Far from invalidating the materialistic approach inherent to true science, this realization only reinforces the need for a humble scientific attitude, conscious of its own limitations and fallibility and of the importance of its self-regulatory mechanisms and meta-analysis.

The fact that the materialistic approach was embraced by the revolutionary bourgeoisie in its struggle to overthrow the nobility and, later on, conveniently abandoned by the same bourgeois class when it came to power, gives us indications of the strength and revolutionary potential of this approach.

At the present time the materialist philosophy maintains its revolutionary content; giving us extremely important tools to uncover the hidden truth beneath the idealistic fantasies fueled by the decaying bourgeois elite. Revolutionaries have no reason to fear the truth; history shows that it is our most powerful ally. As taught by Trotsky: “To show to the oppressed the truth is to open the way of revolution for them.”

A consequent materialistic approach, even (and above all) when it clashes with our desires and expectations, is essential for us to take the proper course in the face of major adversities. No wonder that in one of the most difficult and crucial moments of class struggle, Trotsky has recorded for posterity the following recommendations:

To face reality squarely; not to seek the line of least resistance; to call things by their right names; to speak the truth to the masses, no matter how bitter it may be; not to fear obstacles; to be true in little things as in big ones; to base one’s program on the logic of the class struggle; to be bold when the hour for action arrives.” [2]

About dialectical materialism…

But if on one hand, in relation to the objective character of reality and of the possibility of knowing it, dialectical materialism is definitely in the field of materialistic philosophy as opposed to every form of idealism, on the other, it also seeks to move beyond the limitations of any earlier materialistic doctrines, incorporating dialectics to a cohesive critique of the determinism that had always been tied to the different materialistic strands.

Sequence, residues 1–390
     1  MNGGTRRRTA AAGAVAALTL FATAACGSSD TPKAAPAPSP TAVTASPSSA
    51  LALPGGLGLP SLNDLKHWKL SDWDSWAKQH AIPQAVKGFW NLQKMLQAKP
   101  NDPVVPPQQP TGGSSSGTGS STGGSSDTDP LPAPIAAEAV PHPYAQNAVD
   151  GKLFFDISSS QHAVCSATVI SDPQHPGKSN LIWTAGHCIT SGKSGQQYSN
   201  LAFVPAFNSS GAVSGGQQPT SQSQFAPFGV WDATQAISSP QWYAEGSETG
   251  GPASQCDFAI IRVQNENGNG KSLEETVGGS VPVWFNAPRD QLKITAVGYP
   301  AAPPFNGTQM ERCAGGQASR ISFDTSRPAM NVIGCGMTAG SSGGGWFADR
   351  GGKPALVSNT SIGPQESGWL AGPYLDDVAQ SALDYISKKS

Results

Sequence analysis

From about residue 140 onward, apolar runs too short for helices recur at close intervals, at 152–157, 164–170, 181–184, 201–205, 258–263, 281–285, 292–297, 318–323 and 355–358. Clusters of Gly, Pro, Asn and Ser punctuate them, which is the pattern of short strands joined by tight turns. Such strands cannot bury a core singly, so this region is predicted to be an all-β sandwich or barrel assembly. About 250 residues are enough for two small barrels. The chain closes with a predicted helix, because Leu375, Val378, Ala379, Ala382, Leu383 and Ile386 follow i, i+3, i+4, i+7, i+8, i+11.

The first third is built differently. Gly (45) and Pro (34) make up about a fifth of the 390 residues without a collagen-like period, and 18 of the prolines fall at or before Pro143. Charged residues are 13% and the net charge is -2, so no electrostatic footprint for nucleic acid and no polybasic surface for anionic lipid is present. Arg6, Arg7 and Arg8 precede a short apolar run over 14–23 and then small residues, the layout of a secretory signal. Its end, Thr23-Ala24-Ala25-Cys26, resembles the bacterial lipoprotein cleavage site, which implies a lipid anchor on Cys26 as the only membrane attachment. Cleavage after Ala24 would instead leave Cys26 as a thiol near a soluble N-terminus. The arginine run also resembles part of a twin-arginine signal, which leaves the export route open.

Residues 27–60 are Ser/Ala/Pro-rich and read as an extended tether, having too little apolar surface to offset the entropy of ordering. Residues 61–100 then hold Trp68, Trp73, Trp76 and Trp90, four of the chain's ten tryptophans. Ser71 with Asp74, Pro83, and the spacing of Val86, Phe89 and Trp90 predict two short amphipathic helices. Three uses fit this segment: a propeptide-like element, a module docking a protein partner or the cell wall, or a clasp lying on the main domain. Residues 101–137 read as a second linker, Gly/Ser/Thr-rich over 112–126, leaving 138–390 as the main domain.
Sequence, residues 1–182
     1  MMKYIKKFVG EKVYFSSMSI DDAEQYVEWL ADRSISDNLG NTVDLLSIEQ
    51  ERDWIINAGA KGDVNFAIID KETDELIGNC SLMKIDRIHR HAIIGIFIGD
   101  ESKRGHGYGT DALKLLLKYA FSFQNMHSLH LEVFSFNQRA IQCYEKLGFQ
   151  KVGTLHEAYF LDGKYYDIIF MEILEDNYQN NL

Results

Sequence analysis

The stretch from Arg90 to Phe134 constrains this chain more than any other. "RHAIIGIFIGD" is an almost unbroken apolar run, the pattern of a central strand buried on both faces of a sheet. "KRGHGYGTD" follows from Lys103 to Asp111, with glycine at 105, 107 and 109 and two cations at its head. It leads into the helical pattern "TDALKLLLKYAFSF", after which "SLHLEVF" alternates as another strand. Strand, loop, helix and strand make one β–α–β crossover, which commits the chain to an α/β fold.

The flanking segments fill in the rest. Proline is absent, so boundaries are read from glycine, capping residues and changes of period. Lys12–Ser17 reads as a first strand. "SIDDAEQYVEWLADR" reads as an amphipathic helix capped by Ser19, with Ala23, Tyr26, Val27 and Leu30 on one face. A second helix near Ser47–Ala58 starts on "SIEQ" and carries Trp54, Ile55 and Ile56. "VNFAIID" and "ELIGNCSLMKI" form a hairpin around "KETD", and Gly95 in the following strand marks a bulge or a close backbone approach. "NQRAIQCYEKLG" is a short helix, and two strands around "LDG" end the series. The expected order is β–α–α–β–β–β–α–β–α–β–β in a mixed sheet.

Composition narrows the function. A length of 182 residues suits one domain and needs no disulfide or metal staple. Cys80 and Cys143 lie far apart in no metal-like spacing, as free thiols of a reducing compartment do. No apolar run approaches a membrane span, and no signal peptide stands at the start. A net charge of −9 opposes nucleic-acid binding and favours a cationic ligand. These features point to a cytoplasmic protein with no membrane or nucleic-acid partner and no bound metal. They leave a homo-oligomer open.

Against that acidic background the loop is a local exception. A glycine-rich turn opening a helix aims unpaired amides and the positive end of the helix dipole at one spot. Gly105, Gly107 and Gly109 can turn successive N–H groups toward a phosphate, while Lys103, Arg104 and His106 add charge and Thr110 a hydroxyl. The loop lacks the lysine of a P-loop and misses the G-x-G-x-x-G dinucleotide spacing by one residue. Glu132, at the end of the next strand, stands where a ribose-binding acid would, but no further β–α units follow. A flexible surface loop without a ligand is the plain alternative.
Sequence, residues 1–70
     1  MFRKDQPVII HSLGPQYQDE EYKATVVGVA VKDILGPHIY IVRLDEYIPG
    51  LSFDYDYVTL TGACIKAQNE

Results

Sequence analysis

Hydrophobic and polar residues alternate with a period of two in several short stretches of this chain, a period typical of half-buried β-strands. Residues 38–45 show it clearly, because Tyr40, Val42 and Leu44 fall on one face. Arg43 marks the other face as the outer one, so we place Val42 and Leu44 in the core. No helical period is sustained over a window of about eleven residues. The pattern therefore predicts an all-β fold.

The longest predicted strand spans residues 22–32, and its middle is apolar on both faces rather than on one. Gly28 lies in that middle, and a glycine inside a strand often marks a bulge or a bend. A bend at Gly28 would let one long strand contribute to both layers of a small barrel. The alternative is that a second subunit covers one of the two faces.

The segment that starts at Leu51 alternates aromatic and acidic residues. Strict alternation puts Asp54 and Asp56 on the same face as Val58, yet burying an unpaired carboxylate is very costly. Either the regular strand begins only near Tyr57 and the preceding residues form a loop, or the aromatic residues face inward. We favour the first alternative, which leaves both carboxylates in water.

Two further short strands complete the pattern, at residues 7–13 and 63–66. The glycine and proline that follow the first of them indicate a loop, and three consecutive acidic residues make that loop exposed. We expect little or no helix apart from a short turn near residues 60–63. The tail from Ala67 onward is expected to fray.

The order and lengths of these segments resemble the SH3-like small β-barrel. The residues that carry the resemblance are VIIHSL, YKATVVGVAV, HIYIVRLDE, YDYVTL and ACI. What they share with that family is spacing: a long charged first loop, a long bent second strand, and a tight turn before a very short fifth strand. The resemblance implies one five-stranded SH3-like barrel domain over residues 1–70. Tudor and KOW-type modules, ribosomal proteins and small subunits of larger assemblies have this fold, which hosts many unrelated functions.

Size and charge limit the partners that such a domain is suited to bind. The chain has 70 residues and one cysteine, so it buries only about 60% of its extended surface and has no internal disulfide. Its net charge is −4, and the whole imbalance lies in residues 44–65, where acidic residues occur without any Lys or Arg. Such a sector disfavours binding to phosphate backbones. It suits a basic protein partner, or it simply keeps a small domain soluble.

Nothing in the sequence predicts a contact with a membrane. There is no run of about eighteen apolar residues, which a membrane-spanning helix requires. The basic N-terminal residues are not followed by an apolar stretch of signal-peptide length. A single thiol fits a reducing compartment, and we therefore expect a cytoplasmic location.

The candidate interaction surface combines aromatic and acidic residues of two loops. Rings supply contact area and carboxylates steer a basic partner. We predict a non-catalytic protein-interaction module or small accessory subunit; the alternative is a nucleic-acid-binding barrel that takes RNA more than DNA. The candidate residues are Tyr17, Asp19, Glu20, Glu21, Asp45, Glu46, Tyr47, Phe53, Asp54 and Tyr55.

The dialectical materialists recognize that reality is objective and independent of us: it exists on its own and is subject to laws that are unrelated to our will. But unlike the deterministic materialism, for dialectical materialists this does not mean that reality is static. Far from it, the objective character of reality shows its inherent fluidity and dynamism.

Reality is concrete and objective, but also is in constant movement and transformation. We can know truth through practical experience, but this truth is always partial and transient and need to be permanently susceptible to the criticism of practical experience.

And that is not all. The dialectical materialist critique of vulgar materialism is deeper still than the mere acknowledgment of the dynamic nature of reality, it also includes the need to overcome the gap between theory and practice that the ideologues of the various philosophical currents, both idealistic and materialistic, insist on keeping and deepening.

In their Theses on Feuerbach, in the Critique of Hegel’s Philosophy of Law, in The Holy Family and The German Ideology, Karl Marx (1818-1883) and Friedrich Engels (1820-1895) develop the concept of praxis by criticizing simultaneously both idealism and the materialistic approaches of the time. Deterministic materialism argued that human beings are determined by the circumstances (economic, social and natural), whereas idealism sees human beings as determined by ideas (thoughts, wishes and desires). Vulgar materialists claimed that we change because new circumstances cause us to change, while the idealists of different hues claim that we change because education, new ideas and new desires make us change.

The critique of Marx is that materialism, without having incorporated dialectics, “forgets that circumstances are changed by men” [3], while idealism forgets that“it is essential to educate the educator himself” [4]. Thus, both deterministic materialism and idealism, in whatever variation, end up reproducing the structure of class society, i.e. the exploitation of man by man. At this point, Marx introduces the concept of revolutionary practice as “the coincidence of the changing of circumstances and of human activity” [5].